Another decent, but not spectacular, jobs report out today with the economy adding 217,000 jobs in May, slightly below estimates of 220,000. The unemployment rate held steady at 6.3%. With the average growth in jobs in 2013 around 194,000 a month, the question whether the economy is doing better than expected is starting to sound like a yes.
Digging a little deeper beyond the headline number, not all is copacetic. Two important sectors to the economy, manufacturing and construction, added only 16,000 jobs last month. In addition, the labor-force participation rate (which measures the share of Americans older than 16 who are actively looking for work or who have a job) was unchanged at 62.8%, matching a 36-year low.
In the attached video, Jim Paulsen of Wells Capital Management says the positives are definitely outweighing the negatives when it comes to job growth in the U.S. “I think it’s steady as you go,” he says. “I think this is really good report… and there’s nothing in this report that’s going to change that anytime soon.”
As for those labor force participation rate that some might find worrying, Paulsen was quick to dismiss its importance, suggesting its decline is mostly due to aging demographics as baby boomers age and retire.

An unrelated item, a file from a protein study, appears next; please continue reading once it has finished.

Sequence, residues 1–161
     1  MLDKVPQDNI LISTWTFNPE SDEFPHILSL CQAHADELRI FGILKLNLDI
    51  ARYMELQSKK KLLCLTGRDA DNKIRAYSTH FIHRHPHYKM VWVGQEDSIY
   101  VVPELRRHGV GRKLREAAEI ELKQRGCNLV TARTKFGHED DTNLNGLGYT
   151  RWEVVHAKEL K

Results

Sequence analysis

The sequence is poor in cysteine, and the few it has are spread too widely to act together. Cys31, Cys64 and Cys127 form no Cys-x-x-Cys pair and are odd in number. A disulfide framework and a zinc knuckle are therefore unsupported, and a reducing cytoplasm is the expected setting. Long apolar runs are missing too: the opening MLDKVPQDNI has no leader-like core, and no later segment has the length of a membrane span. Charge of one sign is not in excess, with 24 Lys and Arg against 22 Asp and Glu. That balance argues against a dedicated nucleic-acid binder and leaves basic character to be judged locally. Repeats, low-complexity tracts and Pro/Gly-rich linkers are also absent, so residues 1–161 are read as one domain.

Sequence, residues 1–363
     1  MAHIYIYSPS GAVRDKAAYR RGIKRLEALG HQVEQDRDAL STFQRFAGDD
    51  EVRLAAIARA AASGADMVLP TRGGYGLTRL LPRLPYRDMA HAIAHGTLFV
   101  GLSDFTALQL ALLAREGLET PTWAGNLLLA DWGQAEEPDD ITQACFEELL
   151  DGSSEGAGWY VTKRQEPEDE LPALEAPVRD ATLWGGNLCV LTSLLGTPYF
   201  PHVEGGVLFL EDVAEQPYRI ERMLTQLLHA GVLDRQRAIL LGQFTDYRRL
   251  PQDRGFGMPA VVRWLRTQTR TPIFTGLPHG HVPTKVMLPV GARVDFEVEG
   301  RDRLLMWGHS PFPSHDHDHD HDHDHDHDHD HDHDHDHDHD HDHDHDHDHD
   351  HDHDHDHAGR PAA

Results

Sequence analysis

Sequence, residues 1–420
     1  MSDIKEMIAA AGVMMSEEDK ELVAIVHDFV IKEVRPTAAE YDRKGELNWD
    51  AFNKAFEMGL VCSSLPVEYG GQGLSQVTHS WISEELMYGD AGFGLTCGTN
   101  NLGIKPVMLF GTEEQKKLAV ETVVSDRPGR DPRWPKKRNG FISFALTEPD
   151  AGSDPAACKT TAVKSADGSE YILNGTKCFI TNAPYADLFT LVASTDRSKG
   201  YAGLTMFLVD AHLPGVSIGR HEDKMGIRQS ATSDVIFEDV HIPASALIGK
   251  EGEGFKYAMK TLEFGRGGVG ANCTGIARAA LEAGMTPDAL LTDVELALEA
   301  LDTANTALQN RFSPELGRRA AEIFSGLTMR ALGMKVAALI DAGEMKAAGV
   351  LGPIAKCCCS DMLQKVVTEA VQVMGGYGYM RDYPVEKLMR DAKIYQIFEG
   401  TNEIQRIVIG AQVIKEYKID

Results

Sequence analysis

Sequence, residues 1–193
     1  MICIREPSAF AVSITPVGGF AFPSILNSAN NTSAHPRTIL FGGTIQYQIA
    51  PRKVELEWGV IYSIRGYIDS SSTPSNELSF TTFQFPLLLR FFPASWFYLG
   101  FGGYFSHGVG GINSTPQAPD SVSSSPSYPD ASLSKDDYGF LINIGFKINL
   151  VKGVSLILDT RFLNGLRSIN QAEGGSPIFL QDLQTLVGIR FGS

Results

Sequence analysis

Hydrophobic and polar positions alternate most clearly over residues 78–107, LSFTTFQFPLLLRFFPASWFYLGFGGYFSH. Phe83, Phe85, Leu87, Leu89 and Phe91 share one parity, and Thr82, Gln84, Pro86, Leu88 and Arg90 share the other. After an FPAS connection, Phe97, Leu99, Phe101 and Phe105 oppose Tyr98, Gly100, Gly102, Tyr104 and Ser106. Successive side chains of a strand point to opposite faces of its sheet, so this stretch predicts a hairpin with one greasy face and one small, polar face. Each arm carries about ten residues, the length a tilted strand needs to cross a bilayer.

Most importantly Paulsen made a strong point to note that the U.S. economy was “sustaining now above 200,000 payroll gains on a regular basis, nearly twice the amount necessary to bring down the unemployment rate in this country on a regular basis, because the working age population is only growing 110,000 a month.”
The growth in jobs in this country means the U.S will see a very positive effect on the unemployment rate too. “We’re growing at twice the rate necessary to sustain the level of unemployment, which means we’re going to head into the fives here I think maybe before the year’s out.”
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